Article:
Among the tools that day traders use to make their trading decisions are various types of market data, commonly referred to as Level I and Level II market data.
This market data includes information about current prices and recently completed trades. Level II data provides more information than Level I. Traders decide which data feed they require for their trading, and then subscribe to that data feed through their broker.
Depending on the broker, Level I and Level II may have different costs associated with them. It's important to be aware of the differences in data feeds, so you aren't paying for something you don't need.
- Market data feeds provide day traders with current stock prices and recent trades in order books that are sorted into Level I and Level II data.
- Market data is provided by the exchange that's offering the market. Day traders can get its order books from their brokerages.
- Level I market data includes basic information and is generally sufficient for most chart-based data systems.
- Level II market data is more complex, because it shows all bids and offers, not just the highest.
Level 1 Market Data
Basic market data is known as Level I data. Level I market data provides all of the information needed to trade most chart-based trading systems. If trading using price action or indicator-based strategy, then Level I market data is all that is required. Level I data includes the following information:
The highest posted price where someone is willing to buy an asset.
The number of shares, forex lots, or contracts that people are trying to buy at the bid price.
The lowest posted price where someone is willing to sell an asset. Also called the "offer price."
The number of shares, forex lots, or contracts being sold at the ask price.
The price at which the last transaction occurred.
The number of shares, forex lots, or contracts involved in the last transaction.
Scalpers, or traders who trade based on changes in how other traders are bidding and offering, use Level II data, which provides multiple levels of bids and offers.
Level II Market Data
Level II provides more information than Level I data. Mainly, it doesn't just show the highest bid and offer, but also bids and offers at other prices.
Highest Bid Prices
Shows the highest five to 15 prices where traders are willing to buy an asset and have placed an order to do so. It means you not only see the current bid, but also all the bids currently below it. In actively traded stocks, there will typically be bids every $0.01 below the current bid, and in actively traded futures, there will typically be a bid each tick below the current bid. If there is a gap between the current bid and next bid, that typically means that the stock or contract may have a larger bid/ask spread than stocks with bids or offers at every visible price level.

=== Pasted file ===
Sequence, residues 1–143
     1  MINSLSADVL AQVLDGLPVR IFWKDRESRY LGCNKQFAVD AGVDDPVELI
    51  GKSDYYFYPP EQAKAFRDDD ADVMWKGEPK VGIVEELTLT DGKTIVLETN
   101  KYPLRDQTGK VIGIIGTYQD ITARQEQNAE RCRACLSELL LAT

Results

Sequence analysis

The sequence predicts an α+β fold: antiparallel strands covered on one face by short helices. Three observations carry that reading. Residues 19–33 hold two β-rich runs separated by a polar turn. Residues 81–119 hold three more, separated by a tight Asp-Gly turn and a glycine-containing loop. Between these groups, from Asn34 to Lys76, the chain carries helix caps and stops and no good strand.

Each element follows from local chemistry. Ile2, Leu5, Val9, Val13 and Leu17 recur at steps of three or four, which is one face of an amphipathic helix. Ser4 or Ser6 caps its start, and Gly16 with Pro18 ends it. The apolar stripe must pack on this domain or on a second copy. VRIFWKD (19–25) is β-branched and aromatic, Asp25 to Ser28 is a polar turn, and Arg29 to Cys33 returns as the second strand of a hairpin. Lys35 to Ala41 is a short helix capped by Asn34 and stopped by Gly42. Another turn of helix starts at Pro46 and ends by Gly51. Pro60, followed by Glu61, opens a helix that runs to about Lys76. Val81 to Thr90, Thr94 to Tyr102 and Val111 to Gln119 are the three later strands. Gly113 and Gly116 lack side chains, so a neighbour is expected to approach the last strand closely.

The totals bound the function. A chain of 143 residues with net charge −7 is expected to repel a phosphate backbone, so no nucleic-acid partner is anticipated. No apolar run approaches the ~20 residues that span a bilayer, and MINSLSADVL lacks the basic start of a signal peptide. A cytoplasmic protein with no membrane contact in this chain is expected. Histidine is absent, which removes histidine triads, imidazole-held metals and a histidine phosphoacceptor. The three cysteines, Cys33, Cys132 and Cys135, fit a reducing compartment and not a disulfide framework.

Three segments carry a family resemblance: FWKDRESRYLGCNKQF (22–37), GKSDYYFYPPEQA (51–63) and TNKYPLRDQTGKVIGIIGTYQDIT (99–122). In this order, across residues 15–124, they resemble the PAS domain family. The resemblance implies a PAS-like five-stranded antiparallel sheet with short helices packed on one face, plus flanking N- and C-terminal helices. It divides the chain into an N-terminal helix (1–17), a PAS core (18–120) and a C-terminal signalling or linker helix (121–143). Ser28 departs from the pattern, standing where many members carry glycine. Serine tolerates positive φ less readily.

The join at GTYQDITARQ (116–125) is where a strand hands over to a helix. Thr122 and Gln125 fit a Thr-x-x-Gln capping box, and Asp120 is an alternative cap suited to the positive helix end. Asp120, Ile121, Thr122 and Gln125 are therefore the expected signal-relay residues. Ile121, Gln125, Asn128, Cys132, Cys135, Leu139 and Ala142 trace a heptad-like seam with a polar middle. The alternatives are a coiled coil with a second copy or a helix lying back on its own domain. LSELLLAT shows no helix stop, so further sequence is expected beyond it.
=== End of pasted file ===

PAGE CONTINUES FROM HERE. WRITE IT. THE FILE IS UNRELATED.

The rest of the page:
The number of shares, forex lots or contracts that people are trying to buy at each of the bid prices.
Lowest Ask Prices
The lowest five to 15 prices where traders are willing to sell an asset and have placed an order to do so. In actively traded stocks, there are offers every $0.01 above the current ask, and in actively traded futures, there are offers each tick above the current ask.
The number of shares, forex lots, or contracts that are available at each of the ask prices.
Level II market data provides the additional information needed to trade based on changes that occur in the bids and offers. Some traders like to look at how many shares are being bid versus how many are being offered, which may indicate which side is more eager or more powerful, and may predict the short-term direction of the market price.
This tactic is combined with watching the recent transactions. If most of the transactions are occurring at the bid price, it means that the price could go down in the short term, whereas if most of the transactions are occurring at the offer, the price could go up. These methods may also be combined with chart-based strategies.
Level II is also known as the "order book," because it shows all orders that have been placed and are waiting to be filled. An order is filled when someone else is willing to transact with someone else at the same price. Level II is also known as "market depth," because it shows the number of contracts available at each of the bid and ask prices.
Data Availability and Pricing
Market data comes from the exchange that offers the market. For example, the New York Stock Exchange (NYSE) provides Level I and II data for stocks listed on the NYSE. Day traders receive the market data via their day-trading brokerage. Level I and II are available for futures and stocks. Some forex brokers also offer Level II market data, although not all do.
Level II costs more than Level I for stocks and futures. Some brokers may provide all of the data feeds for free, but they typically charge higher commissions to compensate. Forex brokers that provide Level II data usually don't charge for it.
Frequently Asked Questions (FAQs)
How do you use the order book to trade?
The detailed data on trade orders can help inform your trading decisions. Exactly how the data will be used depends in part on your trading strategy, but in general, the order book gives you more detail about the strength and volume behind trade orders. If more orders are waiting on the buy-side than the sell-side, for example, then that's a bullish signal and it could give you more confidence in bullish trades.
How to brokerages profits from the bid-ask spread?
Brokerages and other market makers profit from the difference between the bid price and the ask price, otherwise known as the "bid-ask spread." Buyers pay the ask price and sellers receive the bid price, and market makers keep the difference. This may be only a penny or two or profit, but market makers do this thousands of times per day.